By Matt Petrillo

MULLICA HILL, N.J. (CBS) — Following the Texas elementary school shooting that killed 19 children and two teachers, Eyewitness News got an up-close and exclusive look at security measures inside an elementary school in South Jersey.

CBS3’s tour of Harrison Elementary School came hours after the American flag was lowered to half-staff. It’s in honor of the Uvalde, Texas, victims. One of the most recent upgrades came after the Parkland High School massacre four years ago.

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“School safety has always been a top priority,” Harrison Township School District Superintendent Dr. Missy Peretti said.

Visitors can only get into Harrison Elementary School in Gloucester County through a front entrance by first speaking through an intercom and then having to wait in a dual-locked lobby.

“So no visitor, even when they ring in, can go all the way into the building,” Peretti said.

The Harrison School District superintendent says these doors were made more secure roughly four years ago, shortly after the Parkland High School massacre in South Florida where 17 students and staff lost their lives.

Also part of the security plan, emergency drills are twice a month, those include active shooter drills.

“Lights are shut off,” Peretti said.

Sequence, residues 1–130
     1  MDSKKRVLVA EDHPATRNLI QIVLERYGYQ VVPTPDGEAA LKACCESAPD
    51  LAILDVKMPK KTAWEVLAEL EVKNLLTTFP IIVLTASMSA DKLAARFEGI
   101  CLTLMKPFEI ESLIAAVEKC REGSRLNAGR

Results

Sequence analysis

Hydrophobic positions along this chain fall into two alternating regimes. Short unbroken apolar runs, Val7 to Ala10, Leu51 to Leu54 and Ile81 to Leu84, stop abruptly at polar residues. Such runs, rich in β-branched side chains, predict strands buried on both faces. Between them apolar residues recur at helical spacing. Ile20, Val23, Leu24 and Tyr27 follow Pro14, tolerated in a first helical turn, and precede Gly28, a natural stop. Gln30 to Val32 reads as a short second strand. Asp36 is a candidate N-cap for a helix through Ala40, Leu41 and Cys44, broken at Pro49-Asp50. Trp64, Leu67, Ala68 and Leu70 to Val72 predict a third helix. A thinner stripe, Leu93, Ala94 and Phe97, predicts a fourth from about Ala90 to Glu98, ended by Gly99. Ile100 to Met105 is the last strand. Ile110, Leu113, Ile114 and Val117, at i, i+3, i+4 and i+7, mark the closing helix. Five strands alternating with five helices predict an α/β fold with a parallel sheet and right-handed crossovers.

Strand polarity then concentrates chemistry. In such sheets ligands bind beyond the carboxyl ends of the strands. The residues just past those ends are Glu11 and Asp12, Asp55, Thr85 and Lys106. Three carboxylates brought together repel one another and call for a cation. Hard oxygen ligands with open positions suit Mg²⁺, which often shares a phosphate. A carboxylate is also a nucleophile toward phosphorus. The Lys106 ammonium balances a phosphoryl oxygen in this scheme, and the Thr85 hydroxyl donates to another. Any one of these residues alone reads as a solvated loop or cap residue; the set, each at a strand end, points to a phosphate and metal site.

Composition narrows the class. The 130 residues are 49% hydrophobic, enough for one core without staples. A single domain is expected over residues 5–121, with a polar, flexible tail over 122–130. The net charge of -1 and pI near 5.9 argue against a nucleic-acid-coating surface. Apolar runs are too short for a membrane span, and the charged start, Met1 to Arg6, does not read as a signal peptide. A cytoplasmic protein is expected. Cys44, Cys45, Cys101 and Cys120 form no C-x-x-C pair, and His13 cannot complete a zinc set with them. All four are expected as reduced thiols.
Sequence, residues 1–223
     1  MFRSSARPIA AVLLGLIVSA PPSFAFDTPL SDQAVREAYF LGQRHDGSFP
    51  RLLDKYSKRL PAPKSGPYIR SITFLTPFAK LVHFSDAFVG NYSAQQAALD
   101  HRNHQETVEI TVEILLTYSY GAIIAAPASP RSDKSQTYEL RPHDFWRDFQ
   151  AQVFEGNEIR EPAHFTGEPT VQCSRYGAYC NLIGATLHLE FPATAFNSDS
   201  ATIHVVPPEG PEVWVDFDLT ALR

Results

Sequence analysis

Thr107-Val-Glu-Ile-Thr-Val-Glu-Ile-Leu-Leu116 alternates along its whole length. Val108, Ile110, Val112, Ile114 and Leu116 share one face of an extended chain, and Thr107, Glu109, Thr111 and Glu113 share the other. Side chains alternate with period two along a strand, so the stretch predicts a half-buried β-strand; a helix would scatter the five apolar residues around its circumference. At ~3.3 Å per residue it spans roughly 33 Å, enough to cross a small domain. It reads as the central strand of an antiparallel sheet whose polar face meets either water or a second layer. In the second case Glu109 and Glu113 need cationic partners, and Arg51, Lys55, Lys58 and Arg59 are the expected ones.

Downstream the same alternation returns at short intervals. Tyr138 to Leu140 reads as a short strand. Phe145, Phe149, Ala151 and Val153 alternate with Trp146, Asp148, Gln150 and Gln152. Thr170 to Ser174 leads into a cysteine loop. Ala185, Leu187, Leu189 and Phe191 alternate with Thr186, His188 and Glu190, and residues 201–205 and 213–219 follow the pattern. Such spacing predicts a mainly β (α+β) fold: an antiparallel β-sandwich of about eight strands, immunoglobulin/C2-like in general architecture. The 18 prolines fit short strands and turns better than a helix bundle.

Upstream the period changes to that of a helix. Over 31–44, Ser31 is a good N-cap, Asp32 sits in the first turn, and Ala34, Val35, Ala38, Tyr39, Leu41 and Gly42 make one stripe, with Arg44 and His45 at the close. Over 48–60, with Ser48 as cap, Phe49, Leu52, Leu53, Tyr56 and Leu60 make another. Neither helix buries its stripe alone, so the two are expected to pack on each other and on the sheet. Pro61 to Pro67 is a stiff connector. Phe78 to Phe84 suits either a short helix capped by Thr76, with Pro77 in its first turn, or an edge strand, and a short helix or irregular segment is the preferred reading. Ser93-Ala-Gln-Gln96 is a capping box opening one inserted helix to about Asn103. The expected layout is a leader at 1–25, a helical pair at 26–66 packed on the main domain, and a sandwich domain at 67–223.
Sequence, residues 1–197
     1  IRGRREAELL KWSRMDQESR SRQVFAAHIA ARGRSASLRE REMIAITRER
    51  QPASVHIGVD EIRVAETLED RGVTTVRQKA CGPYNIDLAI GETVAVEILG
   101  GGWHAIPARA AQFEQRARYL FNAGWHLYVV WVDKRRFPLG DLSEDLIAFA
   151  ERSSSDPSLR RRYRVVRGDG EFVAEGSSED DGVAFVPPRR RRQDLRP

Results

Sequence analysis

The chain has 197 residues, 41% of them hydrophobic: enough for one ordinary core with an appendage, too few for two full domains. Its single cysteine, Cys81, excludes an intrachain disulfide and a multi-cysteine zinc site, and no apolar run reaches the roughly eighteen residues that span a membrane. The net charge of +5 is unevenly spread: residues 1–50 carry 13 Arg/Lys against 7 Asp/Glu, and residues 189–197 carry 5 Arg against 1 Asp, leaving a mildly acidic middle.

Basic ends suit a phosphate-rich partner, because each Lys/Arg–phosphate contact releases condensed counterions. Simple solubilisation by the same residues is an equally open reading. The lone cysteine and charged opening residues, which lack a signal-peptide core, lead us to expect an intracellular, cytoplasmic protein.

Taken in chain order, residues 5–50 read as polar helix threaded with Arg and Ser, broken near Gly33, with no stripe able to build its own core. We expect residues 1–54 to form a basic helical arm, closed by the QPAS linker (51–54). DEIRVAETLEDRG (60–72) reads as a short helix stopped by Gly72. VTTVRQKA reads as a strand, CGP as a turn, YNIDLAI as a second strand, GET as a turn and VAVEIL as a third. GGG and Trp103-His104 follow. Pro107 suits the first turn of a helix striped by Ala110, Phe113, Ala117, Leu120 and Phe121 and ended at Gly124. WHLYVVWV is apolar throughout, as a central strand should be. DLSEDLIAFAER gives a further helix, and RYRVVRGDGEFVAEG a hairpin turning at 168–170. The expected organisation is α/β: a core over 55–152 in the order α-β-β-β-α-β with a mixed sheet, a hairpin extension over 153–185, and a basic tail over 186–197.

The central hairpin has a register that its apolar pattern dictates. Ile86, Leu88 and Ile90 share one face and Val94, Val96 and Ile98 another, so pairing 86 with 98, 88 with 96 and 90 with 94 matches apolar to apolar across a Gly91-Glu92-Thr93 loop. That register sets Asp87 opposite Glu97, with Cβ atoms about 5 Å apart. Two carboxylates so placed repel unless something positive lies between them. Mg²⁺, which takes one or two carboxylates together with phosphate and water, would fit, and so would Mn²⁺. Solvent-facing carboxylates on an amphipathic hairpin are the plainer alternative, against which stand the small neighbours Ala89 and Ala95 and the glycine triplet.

Doors are then locked, and the blinds come down.

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“This is on every door so that nobody can see through the window,” Peretti said.

Harrison Elementary School also has multiple school resource officers, plus panic buttons that connect immediately to the police, and every teacher is trained to know how to put the school on lockdown.

“If a teacher sees someone that is out of place, they have the ability to go on the intercom system to lock down our building because they would be the first line of defense,” Peretti said.

The Harrison School District superintendent also showed CBS3 the back of the elementary school, where doors are locked. You cannot get in without a key.

That was not the case in the Texas school shooting. Police say the gunman got in through an unlocked back door.

“No one thinks this would happen in our town, so we’re no different,” Peretti said. “And I think that’s the hardest part to really digest.”

Gov. Phil Murphy increased the police presence at schools across the Garden State on Wednesday after the shooting, though there was no known threat to any schools.

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Many districts will continue to have this increased presence through the end of the school year.